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Discussion in 'Other games and gaming' started by Tass, Dec 4, 2014.
And STAR WARS™ Battlefront™ II: Celebration Edition is free in the Epic store.
Your always good for getting the good none 'obvious' games and thanks again.
1 warning that bomber crew game is difficult (but its a good challenge) :)
I get e-mails with the offers, and figure I'd share the free love.
I'm more and more impressed with the offers on the Epic Store, though. GTA V was a fantastic offer (I bought the game twice so far), and now Battlefront II? That's another triple-A game for free. I won't buy anything on the Epic Store, but appreciate the freebies, nonetheless :)
You buy 2 of same game for you and Wife?. I have seen GOG reviews of people guying same game 4 times (it makes me suspicious as that is a tactic snake Simmonds would use...)
Both were for me. I prefer playing on PC. GTA V launched on PS3, though.
I cracked and finally signed up to "Epic Giveaways" - dunno if my ageing PC can cope with that game or not but it's a massive download and am in no rush to play it anyhow. I do like starwars though.
I might be all right. Chances are that the reality of testing is that people only go "so far" back these days to definte a min spec. E.g. If pacman were released today it would likely "require" a 4th gen i5.
Try 3d pacman vr app sometime.
I actually probably do own some games 4 times. Like I bought a few old games on GOG and Steam, but also have them on CD, and on Floppy Disk (legit big box game, not pirated. Though I do have it pirated, too ;-)). Thi definitely is the case for King's Quest 1. I own both the old EGA and VGA edition of it on floppy, I have it on CD as part of the Roberta Williams collection, and bought it in GOG and Steam.
Galactic Civilizations III on the Epic Store:
Speaking of EGA... @NotAdmin this might be an utter snooze fest for most people but I found it kinda fascinating. I remember CGA as being that "oh god it's horrible" mode that we always avoided using back in the 90's - and never thought anything more of it. So found it kinda interesting to discover that it is better than I thought (or rather "could be") if used in composite mode. @McCormick may be interested too, although I get that probably most poeple's interest in retro games comes from a nostalgia for the games rather than an interest in the driving technology or why things were they way they were. For myself I've been on a bit of a "journey of discovery" into why old stuff worked the way it did of late (not much else to do in lockdown).
I grew up with monochrome/ega/cga. :)
Dandara is currently free.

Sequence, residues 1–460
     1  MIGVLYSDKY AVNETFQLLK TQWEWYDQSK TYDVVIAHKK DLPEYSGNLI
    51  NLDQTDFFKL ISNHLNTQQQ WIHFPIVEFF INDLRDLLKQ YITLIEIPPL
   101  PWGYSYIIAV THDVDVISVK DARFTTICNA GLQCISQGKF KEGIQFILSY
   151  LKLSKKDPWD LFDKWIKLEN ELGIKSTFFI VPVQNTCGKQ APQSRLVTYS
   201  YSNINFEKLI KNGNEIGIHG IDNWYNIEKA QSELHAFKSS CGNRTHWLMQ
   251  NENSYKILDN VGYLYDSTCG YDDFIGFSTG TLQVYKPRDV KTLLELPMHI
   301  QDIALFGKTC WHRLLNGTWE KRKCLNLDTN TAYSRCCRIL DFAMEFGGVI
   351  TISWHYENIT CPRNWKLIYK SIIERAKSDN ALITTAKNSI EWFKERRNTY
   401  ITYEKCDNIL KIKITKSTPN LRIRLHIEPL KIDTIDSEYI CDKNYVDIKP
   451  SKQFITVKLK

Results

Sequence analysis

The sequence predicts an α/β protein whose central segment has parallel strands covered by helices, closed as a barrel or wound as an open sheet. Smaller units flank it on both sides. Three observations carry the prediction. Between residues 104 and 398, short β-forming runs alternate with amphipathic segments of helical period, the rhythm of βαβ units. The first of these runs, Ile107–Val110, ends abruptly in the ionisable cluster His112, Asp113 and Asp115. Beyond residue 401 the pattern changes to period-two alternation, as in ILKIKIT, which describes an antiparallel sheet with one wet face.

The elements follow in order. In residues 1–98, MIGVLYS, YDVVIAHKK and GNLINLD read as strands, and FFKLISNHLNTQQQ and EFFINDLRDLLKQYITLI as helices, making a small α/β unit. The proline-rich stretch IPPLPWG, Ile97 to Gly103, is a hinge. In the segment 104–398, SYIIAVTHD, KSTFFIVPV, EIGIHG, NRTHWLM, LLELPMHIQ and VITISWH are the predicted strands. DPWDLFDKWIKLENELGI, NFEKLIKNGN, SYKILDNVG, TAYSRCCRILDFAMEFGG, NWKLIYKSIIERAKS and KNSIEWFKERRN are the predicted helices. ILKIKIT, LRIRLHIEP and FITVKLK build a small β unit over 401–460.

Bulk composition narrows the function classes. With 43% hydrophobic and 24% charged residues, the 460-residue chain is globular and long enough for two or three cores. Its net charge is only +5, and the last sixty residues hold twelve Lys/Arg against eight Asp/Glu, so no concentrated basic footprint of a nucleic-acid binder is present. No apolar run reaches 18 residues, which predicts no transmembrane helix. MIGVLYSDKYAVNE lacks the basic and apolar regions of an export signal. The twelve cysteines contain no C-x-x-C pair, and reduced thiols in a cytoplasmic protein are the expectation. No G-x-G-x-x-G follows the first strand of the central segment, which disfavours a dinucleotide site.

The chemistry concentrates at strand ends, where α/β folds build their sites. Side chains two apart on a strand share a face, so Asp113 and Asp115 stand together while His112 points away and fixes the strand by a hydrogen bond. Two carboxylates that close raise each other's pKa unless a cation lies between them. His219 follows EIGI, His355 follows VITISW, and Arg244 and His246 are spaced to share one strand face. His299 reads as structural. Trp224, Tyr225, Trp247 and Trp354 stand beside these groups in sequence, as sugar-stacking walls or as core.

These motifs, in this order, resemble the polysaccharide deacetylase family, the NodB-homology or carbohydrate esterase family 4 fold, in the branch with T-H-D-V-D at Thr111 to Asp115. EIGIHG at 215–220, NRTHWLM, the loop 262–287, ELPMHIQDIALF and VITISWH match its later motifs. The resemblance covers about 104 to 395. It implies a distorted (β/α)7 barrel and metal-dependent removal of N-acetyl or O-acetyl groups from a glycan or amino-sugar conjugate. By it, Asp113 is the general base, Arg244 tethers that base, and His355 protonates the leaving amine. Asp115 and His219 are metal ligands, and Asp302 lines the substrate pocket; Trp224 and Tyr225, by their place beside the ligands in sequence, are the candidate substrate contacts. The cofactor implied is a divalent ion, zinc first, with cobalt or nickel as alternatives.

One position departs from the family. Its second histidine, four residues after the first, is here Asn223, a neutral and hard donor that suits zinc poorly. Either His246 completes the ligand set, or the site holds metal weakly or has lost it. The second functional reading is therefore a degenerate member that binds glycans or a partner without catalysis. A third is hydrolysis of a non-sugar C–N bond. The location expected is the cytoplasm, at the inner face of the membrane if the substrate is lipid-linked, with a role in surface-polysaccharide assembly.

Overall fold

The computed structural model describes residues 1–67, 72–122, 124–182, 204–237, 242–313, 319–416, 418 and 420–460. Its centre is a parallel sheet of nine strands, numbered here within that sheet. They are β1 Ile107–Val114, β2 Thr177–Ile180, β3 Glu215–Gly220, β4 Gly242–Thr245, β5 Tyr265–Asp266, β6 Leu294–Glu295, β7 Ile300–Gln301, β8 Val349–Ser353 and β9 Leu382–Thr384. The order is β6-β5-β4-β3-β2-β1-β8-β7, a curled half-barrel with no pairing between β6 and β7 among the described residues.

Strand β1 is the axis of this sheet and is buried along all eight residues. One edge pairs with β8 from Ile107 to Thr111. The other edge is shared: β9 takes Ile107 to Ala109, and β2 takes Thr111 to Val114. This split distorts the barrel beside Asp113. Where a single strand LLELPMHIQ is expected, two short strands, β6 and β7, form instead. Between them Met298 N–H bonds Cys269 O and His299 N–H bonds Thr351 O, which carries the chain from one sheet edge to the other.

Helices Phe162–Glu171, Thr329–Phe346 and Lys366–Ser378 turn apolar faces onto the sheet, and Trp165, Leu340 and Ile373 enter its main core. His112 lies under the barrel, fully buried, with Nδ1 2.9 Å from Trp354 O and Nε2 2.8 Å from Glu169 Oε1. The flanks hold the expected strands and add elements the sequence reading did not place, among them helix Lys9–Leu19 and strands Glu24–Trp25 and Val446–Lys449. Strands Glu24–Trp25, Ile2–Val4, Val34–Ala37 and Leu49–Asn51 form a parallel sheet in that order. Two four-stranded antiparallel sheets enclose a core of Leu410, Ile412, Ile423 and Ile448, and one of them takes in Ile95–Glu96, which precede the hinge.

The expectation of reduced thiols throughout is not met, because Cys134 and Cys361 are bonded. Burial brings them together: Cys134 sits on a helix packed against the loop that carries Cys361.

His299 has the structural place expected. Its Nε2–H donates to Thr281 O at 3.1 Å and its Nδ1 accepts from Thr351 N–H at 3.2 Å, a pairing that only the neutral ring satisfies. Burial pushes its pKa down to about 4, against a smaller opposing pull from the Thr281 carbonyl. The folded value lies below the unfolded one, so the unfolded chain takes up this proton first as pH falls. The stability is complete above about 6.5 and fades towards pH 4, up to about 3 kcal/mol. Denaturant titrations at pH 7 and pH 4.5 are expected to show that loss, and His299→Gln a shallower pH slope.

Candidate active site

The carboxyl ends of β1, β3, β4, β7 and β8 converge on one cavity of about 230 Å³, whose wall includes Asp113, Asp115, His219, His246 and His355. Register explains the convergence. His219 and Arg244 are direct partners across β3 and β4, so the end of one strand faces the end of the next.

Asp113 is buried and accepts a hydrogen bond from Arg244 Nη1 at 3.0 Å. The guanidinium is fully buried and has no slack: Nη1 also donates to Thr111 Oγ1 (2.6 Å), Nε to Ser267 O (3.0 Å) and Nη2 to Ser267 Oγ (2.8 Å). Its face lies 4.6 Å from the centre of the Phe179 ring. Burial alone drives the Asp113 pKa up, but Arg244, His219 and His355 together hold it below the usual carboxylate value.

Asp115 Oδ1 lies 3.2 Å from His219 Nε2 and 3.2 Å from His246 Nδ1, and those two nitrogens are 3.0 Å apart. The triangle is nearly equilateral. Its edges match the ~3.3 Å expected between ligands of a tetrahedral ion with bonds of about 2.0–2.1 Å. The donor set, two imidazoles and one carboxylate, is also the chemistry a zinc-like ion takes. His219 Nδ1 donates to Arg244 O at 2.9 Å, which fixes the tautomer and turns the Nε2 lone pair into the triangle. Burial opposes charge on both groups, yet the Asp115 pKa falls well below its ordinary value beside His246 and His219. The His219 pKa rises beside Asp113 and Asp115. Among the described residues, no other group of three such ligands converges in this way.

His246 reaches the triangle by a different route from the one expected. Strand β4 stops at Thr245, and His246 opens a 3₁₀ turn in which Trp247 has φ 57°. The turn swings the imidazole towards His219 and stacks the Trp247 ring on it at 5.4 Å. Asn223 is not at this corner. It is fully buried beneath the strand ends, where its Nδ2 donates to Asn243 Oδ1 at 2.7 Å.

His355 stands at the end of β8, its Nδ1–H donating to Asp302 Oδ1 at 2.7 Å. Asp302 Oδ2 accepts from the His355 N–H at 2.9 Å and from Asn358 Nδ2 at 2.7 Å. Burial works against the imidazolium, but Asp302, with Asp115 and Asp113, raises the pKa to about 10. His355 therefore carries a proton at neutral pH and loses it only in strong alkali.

For the King:
Metro: Last Light Redux:
I finally got around to watching this, and it was amazing. Back in 2000, I took a training. I believe it was A+. It taught us the basics of how computers work, including the peripherals. It blew my mind back then how math was used to create monitors and printers, and a mouse, etc.
Early day computer people were fantastic. I took an ASI-C training back in 2010. Keep in mind ANSI-C was created in 1978, and my closest experience to that was C# (early 2000s). I suddenly had to create my own functions that are natively built into C#. Like a LEFT function (take the Left-most <n> characters of an input string). That does not exist in native C, and it really drove home the point that I suck at math, lol.
you and me too. I did learn COBOL in high school and studied a semester of college level computer classes before I decided to switch to another major... I still think some upper classman did something weird to cause my programs to screw up but it was strange seeing how much gobbly gook ada can throw out when you go to print... never seen so many weird hieroglyphs. Too bad I didn't keep some of them since some of them might have been able to predict the future.
I've been having a similar experience but the next level down in Shenzhen IO. Suddenly I have to work out how to check a time is between 2 times and I can only compare 2 things at once, and can't combine or nest* if statements, and only have 14 lines of code and 2 memory locations X'D.
* you can chain them which isn't quite the same thing
That's something I do on a very regular basis in T-SQL (Data Warehousing). Something like:
I never heard of ADA, but do you mean you tried printing the compiled program?
one of the reasons why i fell in love with shenzhen i/o instantly...
haha exactly that. I sorta cheated slightly in the end and had a peak at what others were doing. It was a bit disappointing actually. Discovered people had come up with solutions that only involved checking if the time was equal to the start or end time and then flagging. Disappointing because the test cases didn't cover a case that would catch you out for doing this. In reality, such a solution might not work correctly until the next status change. Ah well, I guess it's only a game.